December 1, 2014

Beth Copeland

WHAT I REMEMBER AS MY FATHER IS DYING

My sister calls it “a spanking,” but it wasn’t
a spanking. He yanked my ankles and held me

upside-down, hitting my bottom and back with
the flat of his hand like a doctor trying to force

a newborn baby to breathe, but I was nine
years old, listening to my sisters plead, “Stop,”

“Daddy, please stop,” until he dropped me
to the floor, and I ran to my room, crying.

When I tell people, they’re shocked. How could
he, they ask? What could you possibly have done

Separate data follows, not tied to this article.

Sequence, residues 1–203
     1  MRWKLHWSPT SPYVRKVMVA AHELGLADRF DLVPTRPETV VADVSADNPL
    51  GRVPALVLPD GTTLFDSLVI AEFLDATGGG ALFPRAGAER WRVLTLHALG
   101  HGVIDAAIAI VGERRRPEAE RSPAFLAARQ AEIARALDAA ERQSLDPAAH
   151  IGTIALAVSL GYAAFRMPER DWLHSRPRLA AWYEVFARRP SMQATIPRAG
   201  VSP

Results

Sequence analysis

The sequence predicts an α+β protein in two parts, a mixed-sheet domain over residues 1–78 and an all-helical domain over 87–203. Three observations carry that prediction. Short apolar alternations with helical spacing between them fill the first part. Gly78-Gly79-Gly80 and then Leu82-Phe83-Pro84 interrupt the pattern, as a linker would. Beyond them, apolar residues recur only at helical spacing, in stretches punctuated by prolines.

to deserve such a beating? What I don’t tell them
is that it was better being battered than being told

what a bad girl I was, so selfish, so ugly, so un-
Christian, that the brunt of his hand on my body

was a blessing because it meant my father’s sin
was greater than mine and I had been forgiven.

from Rattle #44, Summer 2014

__________

Beth Copeland: “I wrote my first poem when I was fifteen years old, a rhyming poem using synesthetic images. Of course, I had no idea what synesthesia was, but the process of writing the poem was so exhilarating that I stayed up all night writing a second poem. The next day I showed the poems to my high school English teacher who said, ‘You’re a poet!’ I’ve been a poet ever since.”